In an exciting day of America's Cup racing in Bermuda, Oracle Team USA beat Emirates Team New Zealand to march off with a point to take into the Cup match
Some of the most exciting racing in the America’s Cup so far saw Oracle Team USA seize two wins and storm away from the qualifier series with a one-point advantage for the Match.
“We’ve won a race of the Cup,” crowed tactician Tom Slingsby to his team mates after beating Emirates Team New Zealand in today’s giant-slaying contest.
The big showdown between Oracle Team USA and Emirates Team New Zealand was viewed by many as being Cup race #1 as this is the likeliest pairing for the match. No doubt Oracle has to work hard for it, but their record is now conclusive and they leave the qualifying series – from which, in the past, the defender was barred – with both a real advantage and a considerable psychological one.
So everything is going splendidly to plan so far for Oracle then…
From an entertainment and audience perspective – the locus of Russell Coutts’s masterplan – this was a corker of a race. Oracle may have won it, but the eventual separation of 29 seconds is no reflection of just how exciting this match actually was. There were lead changes, penalties, and more scary crosses, a close one on the first upwind leg at a speed of some 62 knots.
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Already we are used to seeing ETNZ’s Peter Burling in seemingly total control, sitting with his hands lightly on the wheel and his face implacable, as if he were out for no more than a jaunt. Now also familiar is the way he hurtles the boat through tacks and gybes at centrifugal force.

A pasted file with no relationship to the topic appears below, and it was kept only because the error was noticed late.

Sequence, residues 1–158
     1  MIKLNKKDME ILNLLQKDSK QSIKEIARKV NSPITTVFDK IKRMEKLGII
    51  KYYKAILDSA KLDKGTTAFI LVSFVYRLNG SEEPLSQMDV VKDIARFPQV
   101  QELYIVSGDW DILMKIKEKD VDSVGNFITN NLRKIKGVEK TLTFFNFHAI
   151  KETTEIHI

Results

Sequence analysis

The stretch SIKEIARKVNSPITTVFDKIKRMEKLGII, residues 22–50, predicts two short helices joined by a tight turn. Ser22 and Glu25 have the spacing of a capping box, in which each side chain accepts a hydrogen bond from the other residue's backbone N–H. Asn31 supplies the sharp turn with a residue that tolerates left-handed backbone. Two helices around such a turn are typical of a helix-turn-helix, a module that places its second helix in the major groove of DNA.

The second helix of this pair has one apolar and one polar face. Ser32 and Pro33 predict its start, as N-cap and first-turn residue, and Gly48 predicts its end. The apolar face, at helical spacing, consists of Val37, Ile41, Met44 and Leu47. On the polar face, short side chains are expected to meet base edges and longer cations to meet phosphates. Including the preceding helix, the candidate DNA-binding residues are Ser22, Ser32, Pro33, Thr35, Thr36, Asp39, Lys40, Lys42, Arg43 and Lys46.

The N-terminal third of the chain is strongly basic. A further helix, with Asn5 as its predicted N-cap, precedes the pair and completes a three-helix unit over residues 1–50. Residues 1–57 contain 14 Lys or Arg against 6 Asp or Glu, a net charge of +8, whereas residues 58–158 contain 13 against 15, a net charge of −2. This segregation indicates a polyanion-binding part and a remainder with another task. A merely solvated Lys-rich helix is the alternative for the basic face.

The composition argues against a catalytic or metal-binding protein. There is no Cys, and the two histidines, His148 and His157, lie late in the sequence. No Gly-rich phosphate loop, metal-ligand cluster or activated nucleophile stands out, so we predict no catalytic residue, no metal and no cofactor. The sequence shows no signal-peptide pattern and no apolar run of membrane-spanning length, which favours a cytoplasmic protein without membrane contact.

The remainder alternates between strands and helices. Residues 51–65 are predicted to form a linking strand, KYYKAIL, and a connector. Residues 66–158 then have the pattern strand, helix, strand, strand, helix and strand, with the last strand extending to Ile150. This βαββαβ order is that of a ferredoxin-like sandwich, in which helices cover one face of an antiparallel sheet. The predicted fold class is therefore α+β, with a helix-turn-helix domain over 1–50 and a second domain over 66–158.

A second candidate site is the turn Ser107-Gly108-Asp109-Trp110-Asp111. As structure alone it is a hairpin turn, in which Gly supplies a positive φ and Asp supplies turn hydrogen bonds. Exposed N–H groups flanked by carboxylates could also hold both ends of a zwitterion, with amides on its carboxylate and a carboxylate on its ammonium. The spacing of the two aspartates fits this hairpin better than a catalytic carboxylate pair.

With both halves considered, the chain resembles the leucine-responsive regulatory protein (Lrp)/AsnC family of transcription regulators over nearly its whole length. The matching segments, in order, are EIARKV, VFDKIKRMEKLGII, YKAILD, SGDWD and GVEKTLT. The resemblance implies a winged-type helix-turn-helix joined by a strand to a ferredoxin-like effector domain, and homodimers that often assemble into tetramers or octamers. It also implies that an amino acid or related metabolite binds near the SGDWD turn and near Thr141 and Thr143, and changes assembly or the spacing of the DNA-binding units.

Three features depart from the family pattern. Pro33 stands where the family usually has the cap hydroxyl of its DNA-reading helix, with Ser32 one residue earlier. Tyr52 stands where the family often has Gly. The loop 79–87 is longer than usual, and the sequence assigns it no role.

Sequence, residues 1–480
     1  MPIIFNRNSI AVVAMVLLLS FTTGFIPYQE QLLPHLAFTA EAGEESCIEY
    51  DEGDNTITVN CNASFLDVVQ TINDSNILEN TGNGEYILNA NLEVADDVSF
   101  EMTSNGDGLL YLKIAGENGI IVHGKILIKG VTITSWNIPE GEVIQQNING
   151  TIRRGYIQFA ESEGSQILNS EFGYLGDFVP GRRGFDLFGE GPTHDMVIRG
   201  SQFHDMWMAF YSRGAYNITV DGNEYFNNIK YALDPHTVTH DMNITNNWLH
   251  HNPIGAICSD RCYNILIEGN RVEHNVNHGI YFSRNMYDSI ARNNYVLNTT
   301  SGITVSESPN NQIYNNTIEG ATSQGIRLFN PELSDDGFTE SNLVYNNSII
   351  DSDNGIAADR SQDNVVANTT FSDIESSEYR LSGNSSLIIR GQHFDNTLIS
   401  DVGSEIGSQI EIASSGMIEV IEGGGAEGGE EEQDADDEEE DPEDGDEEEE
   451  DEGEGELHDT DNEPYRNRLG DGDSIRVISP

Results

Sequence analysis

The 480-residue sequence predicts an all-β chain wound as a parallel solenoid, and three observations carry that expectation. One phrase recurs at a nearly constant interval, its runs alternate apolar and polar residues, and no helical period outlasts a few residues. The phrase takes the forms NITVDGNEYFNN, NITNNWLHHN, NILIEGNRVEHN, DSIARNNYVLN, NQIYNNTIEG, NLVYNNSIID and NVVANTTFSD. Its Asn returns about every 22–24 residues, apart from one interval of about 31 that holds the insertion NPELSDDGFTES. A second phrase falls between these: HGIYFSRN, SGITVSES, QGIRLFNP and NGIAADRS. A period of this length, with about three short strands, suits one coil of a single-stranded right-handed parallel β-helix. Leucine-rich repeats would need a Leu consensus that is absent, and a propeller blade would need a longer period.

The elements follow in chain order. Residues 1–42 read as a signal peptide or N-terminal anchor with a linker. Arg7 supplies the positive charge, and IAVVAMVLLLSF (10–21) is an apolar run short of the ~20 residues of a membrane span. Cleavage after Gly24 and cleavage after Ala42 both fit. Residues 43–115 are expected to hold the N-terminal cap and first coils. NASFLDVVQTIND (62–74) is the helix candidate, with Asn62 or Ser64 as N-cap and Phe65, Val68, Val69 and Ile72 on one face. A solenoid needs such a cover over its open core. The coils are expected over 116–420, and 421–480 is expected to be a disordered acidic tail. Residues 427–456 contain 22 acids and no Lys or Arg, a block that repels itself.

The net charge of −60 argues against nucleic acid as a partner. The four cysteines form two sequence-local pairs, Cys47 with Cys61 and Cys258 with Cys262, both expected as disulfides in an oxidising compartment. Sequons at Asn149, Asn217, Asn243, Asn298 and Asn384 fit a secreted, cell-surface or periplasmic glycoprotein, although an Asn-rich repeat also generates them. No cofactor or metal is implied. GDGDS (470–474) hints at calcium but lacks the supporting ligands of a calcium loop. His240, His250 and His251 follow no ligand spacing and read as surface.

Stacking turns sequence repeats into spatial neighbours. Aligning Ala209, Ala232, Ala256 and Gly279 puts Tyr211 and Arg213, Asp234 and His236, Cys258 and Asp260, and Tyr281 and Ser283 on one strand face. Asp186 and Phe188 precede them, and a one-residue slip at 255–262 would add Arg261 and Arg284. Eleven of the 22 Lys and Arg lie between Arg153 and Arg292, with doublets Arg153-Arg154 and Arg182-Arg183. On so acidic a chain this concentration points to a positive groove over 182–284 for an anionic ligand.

Burling keeps saying in the post-race press conferences (very colourless and bland) that his team is continuing to learn with every race. Easy words, sure, but this does appear quite literally true, and despite coming out of this stage in front, Oracle Team USA needn’t feel too smug.
Another exciting race followed between SoftBank Team Japan and LandRover BAR, which the British team won by a small margin. LandRover BAR seemed slower on the upwind legs, but they got ahead after gybing inside them at the weather gate.
Something to cheer supporters is that despite rather light winds of 9 knots, LandRover BAR’s foiling performance was streets better than it was on sticky Thursday. Ainslie’s team had day off from racing yesterday. CEO Martin Whitmarsh said they’d worked hard on improvements and that seemed to have paid off, as LandRover BAR were foiling through most tacks and gybes.
Goodbye to Groupama Team France
Sadly, there’s not that much to be said about the race between Artemis and Groupama Team France. Franck Cammas made a poor start, boxed in by his rivals, and it was all downhill from here in one of the most one-sided races to date. The French struggled to foil at times in the light winds (unlike the Swedish team) and had in any case already been eliminated from the next round.
Cammas said he hoped to be back in two years’ time (provided Oracle Team USA win, of course, or a challenger that is not New Zealand, as the Kiwis have not signed up to the new framework arrangement). For starters, secondary tier sponsors Norauto has renewed its backing.
Finally, Oracle Team USA v LandRover BAR was another good race, though the defenders never really looked under dire threat. Unusually, Ben Ainslie made a poor start, so was trailing from the outset, and the team did not manage to poach back a lead.
However, it was close at times and a very positive take away for the British team was that they were able to match Oracle Team USA upwind and downwind, were stable on foils through tacks and gybes and carried out consistently excellent manoeuvres.
So after a week of ups and downs, especially for British fans, the scene is set: Emirates Team New Zealand are top dogs of the challengers, at this stage by a long way. They will now take on LandRover BAR in the semi finals, while Artemis Racing plays SoftBank Team Japan.